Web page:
This comprehensive collection of courses vastly extends your learning into all realms of Godot 4, from mastering the GDScript language to diving deep into 2D and 3D game mechanics. It’s structured to guide you from the basics to advanced concepts, enabling you to build actual games that can stand as portfolio pieces, all while ensuring flexible learning. Whether you are starting your game development career or looking to enhance your current skill set, this Mini-Degree is designed to be both accessible for newcomers and rich in content for seasoned developers.

And for those who wish to explore even broader horizons, our full range of Godot courses covers the ins and outs of the engine. With Zenva, you can progress from beginner to professional at your own pace, reinforcing your learning with live coding sessions, interactive quizzes, and lessons that resonate with real-world game development scenarios. Keep crafting, keep learning, and let us help you turn your passion into a thriving career.


In the vast universe of game development, mastering the ambiance of your skies with Godot 4’s ProceduralSkyMaterial can take your games from good to extraordinary. The skills you’ve glimpsed today are only a teaser for the full potential that awaits your curiosity and creativity. As we provide you with the powerful tools and in-depth knowledge through our Godot Game Development Mini-Degree, you’re not just learning—you’re becoming a part of an innovative community that’s shaping the future of gaming.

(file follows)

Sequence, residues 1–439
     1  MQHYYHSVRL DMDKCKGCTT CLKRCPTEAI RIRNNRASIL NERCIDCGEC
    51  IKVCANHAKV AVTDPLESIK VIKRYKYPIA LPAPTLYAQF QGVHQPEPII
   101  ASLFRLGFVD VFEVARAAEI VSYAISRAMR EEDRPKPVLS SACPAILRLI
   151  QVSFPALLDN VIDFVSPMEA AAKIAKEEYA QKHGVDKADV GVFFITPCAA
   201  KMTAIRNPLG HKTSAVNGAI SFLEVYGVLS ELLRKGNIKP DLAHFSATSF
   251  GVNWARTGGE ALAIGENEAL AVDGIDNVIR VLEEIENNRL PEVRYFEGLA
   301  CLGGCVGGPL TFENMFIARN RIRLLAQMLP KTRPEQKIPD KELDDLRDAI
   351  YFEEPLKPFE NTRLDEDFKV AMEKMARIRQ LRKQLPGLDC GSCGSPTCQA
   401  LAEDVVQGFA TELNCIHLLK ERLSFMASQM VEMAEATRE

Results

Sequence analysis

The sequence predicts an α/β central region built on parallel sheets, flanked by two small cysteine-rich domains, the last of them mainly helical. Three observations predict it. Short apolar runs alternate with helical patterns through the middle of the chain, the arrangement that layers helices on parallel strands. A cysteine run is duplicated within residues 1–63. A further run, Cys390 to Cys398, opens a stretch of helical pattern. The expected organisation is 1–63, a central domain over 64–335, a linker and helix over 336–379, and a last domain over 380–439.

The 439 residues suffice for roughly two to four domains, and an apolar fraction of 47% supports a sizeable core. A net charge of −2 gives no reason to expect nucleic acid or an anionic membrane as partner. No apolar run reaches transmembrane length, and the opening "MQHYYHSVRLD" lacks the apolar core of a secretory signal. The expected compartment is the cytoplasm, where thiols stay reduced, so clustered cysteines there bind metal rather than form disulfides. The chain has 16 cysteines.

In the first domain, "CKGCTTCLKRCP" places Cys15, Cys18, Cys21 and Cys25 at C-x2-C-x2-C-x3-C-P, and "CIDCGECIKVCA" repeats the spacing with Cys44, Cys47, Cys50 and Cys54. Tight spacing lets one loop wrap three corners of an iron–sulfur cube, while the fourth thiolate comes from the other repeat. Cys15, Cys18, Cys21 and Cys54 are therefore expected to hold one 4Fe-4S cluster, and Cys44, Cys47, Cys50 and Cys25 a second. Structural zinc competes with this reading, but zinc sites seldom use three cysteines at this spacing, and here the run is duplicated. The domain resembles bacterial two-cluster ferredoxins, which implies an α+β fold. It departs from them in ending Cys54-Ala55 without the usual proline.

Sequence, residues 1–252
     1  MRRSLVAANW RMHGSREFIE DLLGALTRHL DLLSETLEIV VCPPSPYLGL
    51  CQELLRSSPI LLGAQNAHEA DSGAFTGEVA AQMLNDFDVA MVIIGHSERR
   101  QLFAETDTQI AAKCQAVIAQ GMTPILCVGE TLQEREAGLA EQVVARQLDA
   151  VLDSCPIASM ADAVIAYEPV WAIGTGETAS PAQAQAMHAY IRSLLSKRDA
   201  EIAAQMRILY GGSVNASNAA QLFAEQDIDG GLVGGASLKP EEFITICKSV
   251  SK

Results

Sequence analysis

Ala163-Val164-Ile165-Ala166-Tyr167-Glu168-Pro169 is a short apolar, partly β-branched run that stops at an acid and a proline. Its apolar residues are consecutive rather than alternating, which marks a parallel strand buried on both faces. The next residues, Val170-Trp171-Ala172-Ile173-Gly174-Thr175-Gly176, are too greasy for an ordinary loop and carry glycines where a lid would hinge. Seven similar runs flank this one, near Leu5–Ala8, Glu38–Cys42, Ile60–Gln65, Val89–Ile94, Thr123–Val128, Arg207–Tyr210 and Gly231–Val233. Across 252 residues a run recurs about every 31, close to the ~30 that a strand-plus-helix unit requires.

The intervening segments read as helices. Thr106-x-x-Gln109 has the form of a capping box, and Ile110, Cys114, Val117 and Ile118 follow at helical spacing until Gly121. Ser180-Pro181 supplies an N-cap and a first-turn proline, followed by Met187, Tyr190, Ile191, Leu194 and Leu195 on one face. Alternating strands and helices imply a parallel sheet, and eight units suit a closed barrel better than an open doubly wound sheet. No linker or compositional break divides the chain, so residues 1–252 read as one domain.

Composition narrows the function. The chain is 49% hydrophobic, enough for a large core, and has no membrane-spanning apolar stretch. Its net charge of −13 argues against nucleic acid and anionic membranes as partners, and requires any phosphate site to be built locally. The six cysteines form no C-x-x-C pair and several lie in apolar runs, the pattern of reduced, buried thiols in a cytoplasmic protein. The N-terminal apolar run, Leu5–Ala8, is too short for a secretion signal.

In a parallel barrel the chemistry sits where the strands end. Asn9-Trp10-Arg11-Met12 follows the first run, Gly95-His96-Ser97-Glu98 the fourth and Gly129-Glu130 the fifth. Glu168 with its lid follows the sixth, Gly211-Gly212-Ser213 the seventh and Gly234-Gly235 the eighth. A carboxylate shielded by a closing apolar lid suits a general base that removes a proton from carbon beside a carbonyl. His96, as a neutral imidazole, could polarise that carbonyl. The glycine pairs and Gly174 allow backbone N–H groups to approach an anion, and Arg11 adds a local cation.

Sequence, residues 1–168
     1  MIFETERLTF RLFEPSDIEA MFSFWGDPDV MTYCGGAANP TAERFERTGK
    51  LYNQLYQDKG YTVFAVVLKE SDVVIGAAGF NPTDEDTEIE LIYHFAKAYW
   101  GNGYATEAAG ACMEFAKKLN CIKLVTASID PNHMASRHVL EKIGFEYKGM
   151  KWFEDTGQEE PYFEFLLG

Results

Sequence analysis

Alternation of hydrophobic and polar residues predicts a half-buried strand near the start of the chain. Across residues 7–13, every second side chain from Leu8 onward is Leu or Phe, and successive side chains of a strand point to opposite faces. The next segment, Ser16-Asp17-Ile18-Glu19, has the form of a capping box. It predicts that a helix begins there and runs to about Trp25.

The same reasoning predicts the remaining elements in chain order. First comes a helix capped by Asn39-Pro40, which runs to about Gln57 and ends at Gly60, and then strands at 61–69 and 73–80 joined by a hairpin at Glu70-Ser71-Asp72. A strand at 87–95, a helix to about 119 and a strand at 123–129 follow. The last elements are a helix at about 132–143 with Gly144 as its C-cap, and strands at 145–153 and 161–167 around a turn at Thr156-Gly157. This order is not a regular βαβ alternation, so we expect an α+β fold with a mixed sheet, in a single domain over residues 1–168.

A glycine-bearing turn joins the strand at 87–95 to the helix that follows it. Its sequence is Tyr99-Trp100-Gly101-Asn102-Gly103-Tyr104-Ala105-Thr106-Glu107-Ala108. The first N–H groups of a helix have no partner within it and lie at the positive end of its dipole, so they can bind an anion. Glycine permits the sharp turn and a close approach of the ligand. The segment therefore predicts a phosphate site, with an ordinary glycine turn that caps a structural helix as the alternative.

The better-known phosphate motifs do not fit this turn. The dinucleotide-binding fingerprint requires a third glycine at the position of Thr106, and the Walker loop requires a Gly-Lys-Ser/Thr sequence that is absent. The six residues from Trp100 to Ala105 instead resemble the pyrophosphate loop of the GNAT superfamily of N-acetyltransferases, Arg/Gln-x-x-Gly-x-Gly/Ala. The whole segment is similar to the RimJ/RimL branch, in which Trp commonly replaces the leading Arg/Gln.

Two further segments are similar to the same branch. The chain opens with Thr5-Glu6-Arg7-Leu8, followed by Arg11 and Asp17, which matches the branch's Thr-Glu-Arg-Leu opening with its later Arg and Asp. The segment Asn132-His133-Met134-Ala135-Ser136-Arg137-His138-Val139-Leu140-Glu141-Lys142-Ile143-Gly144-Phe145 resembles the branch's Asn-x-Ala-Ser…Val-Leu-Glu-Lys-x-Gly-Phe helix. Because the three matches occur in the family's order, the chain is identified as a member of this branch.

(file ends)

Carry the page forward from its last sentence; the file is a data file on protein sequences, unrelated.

Let your journey continue with us at Zenva, where every course you take is a step towards bringing your most ambitious game ideas to life. Engage with the material, let your imagination reign supreme, and build worlds that resonate with players around the globe. Together, we can make that pixelated dream a playable reality.